cut opinion pages

Sadly, I Like Reading Books on My Phone Now

Photo: Brigitte Sporrer/Getty Images/Cultura RF

When I was a kid I used to read for five or six hours straight without incident, except for having to get up to pee or get a snack, but now I can’t seem to make it more than 20 minutes without falling asleep. I love to read, and I’m very worried about reading enough books before I die, so this bothers me a lot.

Whenever I’ve brought this complaint before others, they usually suggest reading in a less comfortable position, but why would I want to do that? That’s maybe a good tip for the suffering, studying college student, but if I’m reading for fun, I want to be cozy, too. Other advice has included: chewing gum and/or drinking something while reading, getting up for breaks, and reading first thing when I wake up. I’ve tried them all with little success. What has worked, I’m sorry to say, is reading on my phone.

Someone on Twitter told me it’s something about the light your phone gives off, so maybe it’s that, or maybe I’m just hopelessly addicted to my phone like everyone else. But I started reading books on my phone’s Kindle app recently, and I can’t argue with my progress. I like it better than my actual Kindle, which is black-and-white and sort of fuzzy around the font. I can highlight passages in different colors without destroying a physical book, and it also saves me money, because Kindle copies are usually cheaper than hardback.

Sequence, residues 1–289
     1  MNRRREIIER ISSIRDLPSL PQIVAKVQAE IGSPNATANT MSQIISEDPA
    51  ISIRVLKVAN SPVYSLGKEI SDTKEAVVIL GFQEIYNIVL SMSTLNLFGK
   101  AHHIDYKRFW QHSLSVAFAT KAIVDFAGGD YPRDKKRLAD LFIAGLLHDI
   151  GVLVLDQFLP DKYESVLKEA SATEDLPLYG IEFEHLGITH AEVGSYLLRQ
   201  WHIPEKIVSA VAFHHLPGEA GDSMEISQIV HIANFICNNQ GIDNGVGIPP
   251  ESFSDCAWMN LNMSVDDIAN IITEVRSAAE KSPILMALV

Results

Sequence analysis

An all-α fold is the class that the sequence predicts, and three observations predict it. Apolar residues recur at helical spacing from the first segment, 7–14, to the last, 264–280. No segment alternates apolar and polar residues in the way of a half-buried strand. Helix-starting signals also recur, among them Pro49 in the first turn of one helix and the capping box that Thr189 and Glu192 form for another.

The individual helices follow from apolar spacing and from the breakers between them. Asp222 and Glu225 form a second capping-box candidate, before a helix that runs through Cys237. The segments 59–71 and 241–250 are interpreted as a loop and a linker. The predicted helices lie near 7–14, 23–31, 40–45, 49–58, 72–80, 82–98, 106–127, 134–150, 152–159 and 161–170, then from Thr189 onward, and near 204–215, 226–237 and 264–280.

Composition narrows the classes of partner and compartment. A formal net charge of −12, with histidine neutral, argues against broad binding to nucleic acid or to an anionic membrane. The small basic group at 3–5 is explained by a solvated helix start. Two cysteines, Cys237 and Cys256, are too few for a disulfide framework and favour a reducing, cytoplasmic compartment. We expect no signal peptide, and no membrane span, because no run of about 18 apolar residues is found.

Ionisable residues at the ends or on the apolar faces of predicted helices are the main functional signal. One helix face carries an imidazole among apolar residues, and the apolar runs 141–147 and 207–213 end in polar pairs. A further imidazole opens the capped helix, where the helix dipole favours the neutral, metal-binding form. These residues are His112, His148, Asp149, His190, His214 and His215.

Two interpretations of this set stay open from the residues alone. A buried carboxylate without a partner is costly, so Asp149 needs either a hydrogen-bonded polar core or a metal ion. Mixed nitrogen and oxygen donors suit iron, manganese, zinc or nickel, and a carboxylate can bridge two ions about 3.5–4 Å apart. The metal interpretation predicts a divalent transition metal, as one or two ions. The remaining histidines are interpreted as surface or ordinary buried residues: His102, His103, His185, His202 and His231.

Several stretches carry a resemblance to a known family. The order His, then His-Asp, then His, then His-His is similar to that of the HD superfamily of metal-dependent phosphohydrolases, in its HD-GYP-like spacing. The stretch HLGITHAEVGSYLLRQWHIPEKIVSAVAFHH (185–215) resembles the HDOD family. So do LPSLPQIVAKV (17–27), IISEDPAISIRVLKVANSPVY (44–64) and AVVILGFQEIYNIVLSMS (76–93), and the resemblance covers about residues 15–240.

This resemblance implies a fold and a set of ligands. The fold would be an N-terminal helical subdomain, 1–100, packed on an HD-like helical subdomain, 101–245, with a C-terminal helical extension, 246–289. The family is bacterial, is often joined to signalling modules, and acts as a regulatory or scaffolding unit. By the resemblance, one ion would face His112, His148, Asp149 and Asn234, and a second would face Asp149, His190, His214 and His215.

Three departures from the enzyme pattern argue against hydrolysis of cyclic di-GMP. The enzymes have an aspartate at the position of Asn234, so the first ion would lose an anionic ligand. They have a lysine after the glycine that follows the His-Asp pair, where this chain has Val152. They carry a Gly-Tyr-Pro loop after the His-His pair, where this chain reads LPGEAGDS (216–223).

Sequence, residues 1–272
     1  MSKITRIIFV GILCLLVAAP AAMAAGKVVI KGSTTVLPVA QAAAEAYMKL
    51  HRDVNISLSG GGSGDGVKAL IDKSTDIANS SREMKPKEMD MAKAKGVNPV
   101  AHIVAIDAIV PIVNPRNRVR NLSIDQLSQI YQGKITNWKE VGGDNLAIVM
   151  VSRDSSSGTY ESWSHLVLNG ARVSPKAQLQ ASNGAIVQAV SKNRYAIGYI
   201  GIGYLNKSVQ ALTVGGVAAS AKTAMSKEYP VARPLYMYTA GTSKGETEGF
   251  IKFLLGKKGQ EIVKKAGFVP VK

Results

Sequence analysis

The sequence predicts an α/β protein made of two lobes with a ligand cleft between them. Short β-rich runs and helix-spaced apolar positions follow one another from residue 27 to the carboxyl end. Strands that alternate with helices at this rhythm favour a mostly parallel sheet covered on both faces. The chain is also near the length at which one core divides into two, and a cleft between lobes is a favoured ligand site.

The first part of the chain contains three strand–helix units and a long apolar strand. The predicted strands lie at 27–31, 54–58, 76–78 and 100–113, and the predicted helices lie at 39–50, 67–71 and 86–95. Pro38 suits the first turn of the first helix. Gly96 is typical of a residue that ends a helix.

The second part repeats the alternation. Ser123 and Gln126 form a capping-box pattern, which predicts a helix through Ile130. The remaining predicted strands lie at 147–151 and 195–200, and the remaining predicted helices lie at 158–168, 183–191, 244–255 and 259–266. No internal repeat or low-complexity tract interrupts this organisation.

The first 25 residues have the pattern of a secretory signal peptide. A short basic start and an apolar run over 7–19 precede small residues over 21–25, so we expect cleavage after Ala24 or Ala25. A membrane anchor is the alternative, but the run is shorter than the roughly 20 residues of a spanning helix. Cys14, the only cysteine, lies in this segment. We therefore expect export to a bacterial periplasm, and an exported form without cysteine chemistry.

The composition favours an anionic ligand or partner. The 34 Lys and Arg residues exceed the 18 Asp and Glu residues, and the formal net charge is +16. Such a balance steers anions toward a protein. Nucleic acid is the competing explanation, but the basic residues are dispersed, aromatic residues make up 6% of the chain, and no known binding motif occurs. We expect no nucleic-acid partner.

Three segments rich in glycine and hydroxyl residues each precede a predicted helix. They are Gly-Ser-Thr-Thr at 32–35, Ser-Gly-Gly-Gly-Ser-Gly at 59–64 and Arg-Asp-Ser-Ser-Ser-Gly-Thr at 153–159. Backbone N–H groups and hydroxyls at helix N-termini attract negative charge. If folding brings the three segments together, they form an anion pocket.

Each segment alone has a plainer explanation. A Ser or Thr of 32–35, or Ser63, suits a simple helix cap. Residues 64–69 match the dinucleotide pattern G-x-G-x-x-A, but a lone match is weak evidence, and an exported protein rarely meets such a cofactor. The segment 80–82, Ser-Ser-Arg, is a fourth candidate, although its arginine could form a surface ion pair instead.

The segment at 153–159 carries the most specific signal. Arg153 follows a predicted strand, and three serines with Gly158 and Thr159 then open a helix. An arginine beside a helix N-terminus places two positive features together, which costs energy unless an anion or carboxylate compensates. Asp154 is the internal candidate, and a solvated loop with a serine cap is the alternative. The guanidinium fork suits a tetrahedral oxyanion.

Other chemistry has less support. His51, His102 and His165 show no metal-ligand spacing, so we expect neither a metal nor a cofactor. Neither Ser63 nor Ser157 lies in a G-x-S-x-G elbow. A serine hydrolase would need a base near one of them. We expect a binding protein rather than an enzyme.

Much in the spirit of an adult woman with a Disney+ subscription and a lingering fondness for the concept of mix CDs, I have a technological resistance to e-books, and prefer paperbacks for their familiarity as much as the experience they provide. As many others do, I like the smell of the pages and holding my progress in three dimensions. But I can stay up for hours staring at my stupid phone, and I cannot say the same for a paperback book.

I like the idea of having a massive book collection, but as a non-rich New Yorker, it’s not particularly reasonable, space- or money-wise. Plus, there are very, very few books I actually need to reread. Better to save space (and paper, and packaging) by buying the electronic version when I can. I try to support authors financially whenever I can, but you can also rent books from the library to your phone with apps like Libby.

Reading on my phone is not a perfect cure for my drowsiness, which seems to be a condition of aging, and stress, or both. I’ll never again be 14 years old with an insatiable appetite for one more chapter, and that’s sad. But I can approximate that feeling, reading on my phone, in bed, with the lights out, long after I should have gone to sleep.

Sadly, I Like Reading Books on My Phone Now